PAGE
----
Two decades ago, Susan Ungerer was volunteering at a Fairfax County nonprofit group that helps financially strapped families when she noticed a pattern: Parents tended to fall behind with their finances in August and September, just when they had to buy school supplies for their children.
That realization, combined with 23 years of experience as an elementary school teacher, motivated Ungerer to start Kids R First, a nonprofit group that provides basic school supplies to families in need. The organization has been growing ever since. This year, Ungerer anticipates that Kids R First will help 25,000 students in 96 schools across Fairfax and Loudoun counties.
Washington Post, July 29, 2015
Children will be able to learn more about where their food comes from — and how eating locally grown food contributes to a healthy lifestyle — through a program that is coming to the Mosaic Central Farm Market in Merrifield on Sunday.
The Junior League of Northern Virginia’s Market Explorers program is part of a larger effort to combat childhood obesity.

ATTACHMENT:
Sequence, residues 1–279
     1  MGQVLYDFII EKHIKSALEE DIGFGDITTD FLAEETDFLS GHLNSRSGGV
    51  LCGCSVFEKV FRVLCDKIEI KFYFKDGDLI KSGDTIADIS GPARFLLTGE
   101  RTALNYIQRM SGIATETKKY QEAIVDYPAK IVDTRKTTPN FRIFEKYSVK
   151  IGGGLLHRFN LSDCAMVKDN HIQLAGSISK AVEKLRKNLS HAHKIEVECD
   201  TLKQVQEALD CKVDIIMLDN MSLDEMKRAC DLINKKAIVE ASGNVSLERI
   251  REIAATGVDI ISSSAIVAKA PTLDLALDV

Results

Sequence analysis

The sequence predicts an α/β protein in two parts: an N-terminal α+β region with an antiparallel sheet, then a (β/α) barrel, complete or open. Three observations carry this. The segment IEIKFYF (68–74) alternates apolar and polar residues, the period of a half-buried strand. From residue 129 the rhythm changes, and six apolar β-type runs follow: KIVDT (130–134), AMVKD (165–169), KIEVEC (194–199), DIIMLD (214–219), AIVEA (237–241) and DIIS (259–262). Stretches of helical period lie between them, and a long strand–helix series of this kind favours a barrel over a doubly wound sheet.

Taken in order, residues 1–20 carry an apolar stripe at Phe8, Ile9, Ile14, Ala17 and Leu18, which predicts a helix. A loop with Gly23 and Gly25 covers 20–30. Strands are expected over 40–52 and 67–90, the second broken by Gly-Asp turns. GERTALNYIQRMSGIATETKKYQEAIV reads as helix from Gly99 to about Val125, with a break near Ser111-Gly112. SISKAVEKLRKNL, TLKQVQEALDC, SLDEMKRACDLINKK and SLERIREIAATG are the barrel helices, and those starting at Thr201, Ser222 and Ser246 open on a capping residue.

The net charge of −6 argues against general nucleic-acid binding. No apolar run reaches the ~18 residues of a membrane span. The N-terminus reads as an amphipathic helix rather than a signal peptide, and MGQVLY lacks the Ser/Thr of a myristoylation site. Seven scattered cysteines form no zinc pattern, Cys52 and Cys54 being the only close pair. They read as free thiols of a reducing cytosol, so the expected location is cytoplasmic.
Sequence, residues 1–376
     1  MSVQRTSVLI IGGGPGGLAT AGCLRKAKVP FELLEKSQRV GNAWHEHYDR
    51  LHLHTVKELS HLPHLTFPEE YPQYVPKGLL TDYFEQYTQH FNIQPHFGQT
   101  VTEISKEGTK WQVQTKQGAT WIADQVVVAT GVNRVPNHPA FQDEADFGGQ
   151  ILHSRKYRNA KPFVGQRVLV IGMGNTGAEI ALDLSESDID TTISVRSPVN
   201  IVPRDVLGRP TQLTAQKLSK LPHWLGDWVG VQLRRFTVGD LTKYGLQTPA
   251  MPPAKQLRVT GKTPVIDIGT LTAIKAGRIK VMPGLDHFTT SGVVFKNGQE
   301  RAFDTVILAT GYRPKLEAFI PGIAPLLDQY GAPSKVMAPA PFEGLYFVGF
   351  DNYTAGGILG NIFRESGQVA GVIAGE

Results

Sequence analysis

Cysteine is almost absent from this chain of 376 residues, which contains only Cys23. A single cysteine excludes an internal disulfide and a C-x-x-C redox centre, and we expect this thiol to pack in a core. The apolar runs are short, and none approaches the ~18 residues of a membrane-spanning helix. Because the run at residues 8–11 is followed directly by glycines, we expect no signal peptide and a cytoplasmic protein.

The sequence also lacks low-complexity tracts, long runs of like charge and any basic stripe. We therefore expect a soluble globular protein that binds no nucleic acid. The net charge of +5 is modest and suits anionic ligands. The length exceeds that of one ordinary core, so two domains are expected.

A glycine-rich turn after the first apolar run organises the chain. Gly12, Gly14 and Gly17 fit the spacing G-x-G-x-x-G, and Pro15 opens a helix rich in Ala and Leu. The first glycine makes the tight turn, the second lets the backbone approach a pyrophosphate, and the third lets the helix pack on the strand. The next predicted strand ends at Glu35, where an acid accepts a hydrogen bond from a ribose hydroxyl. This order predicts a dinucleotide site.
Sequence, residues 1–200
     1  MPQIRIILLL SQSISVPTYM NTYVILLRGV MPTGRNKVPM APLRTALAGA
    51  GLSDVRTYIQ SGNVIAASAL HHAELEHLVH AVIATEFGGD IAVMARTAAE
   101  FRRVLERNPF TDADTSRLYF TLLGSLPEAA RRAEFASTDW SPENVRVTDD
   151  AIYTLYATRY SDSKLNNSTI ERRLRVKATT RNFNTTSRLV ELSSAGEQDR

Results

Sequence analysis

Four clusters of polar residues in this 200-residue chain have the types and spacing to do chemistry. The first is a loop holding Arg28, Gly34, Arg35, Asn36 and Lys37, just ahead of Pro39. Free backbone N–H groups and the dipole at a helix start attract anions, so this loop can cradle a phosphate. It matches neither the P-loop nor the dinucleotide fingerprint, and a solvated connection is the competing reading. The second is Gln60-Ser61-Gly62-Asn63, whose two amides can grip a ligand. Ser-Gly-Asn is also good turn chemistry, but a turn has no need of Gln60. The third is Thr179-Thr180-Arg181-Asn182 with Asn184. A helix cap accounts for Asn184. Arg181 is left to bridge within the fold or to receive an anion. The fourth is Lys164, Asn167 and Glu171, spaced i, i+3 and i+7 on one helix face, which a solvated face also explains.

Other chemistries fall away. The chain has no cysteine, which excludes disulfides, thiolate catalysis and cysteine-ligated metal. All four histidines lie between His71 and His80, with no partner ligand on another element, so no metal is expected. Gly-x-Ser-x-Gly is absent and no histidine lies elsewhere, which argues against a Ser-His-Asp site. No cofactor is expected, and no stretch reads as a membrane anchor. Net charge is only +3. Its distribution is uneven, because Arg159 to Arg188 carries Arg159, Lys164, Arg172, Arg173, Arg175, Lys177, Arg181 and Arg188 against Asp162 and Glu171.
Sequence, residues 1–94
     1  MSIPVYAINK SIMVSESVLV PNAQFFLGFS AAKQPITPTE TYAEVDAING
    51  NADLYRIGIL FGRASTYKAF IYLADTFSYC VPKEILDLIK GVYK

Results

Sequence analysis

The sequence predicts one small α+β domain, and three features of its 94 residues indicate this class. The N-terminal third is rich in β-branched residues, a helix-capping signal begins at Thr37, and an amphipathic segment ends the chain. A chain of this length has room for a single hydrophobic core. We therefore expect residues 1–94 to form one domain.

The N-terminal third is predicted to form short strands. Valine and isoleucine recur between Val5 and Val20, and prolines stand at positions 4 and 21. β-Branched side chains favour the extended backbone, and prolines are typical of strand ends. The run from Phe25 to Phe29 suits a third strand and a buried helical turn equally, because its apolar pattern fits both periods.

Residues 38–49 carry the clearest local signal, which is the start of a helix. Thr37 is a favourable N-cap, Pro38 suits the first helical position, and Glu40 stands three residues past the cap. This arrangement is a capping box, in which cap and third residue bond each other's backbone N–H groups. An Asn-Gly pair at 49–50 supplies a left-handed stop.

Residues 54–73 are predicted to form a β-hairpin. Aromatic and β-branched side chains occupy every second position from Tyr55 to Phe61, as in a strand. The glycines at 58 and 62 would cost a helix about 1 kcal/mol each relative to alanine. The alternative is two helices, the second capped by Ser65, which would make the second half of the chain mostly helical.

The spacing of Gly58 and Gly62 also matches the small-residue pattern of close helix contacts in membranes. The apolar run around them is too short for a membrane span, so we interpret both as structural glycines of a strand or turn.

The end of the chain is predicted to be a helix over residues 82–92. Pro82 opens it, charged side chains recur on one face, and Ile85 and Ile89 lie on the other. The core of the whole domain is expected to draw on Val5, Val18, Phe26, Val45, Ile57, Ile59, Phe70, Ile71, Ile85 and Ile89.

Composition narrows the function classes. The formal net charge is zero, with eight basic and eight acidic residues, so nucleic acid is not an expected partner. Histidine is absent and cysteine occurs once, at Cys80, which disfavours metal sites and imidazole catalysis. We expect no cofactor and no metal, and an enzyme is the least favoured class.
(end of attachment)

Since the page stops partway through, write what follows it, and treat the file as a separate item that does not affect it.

Washington Post, July 15, 2015
Hundreds of walkers took part in a six-mile trek along Spriggs Road in the mid-county area last weekend to raise awareness about teen suicide.
Prince William County school officials estimated that more than 400 people participated in the walk, a round trip between Forest Park and Hylton high schools. Although most of the walkers were high school students, participants included young children, adults — some pushing strollers — and even a few dogs.
Students in Advanced Placement government classes at Forest Park organized the event as their final project, which their teacher, Shannon Geraghty, allowed them to do in place of a final exam.
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Washington Post, May 31, 2015
It’s called going over the cliff. When students with autism leave the public school system — and the network of support and therapy it provides — they often graduate to the couch. They struggle to find meaningful employment and to live independently, even though the majority have average to above-average intelligence.
Some special education teachers and parents in Loudoun County have been trying to change that. They created Legacy Farms, a nonprofit organization that introduces young adults with autism to farming. The goal is to help ease the transition from public school to the community.
Washington Post, May 3, 2015
Suppose that two middle schools and an elementary school hosted 600 students who were competing in a math tournament on five-member teams. One middle school hosted 12 fewer teams than did the other two schools. How many students competed at the elementary school?
That problem would be a breeze for many of the students who took part in the second annual Loudoun County Regional Math Tournament on March 7.
Washington Post, March 15, 2015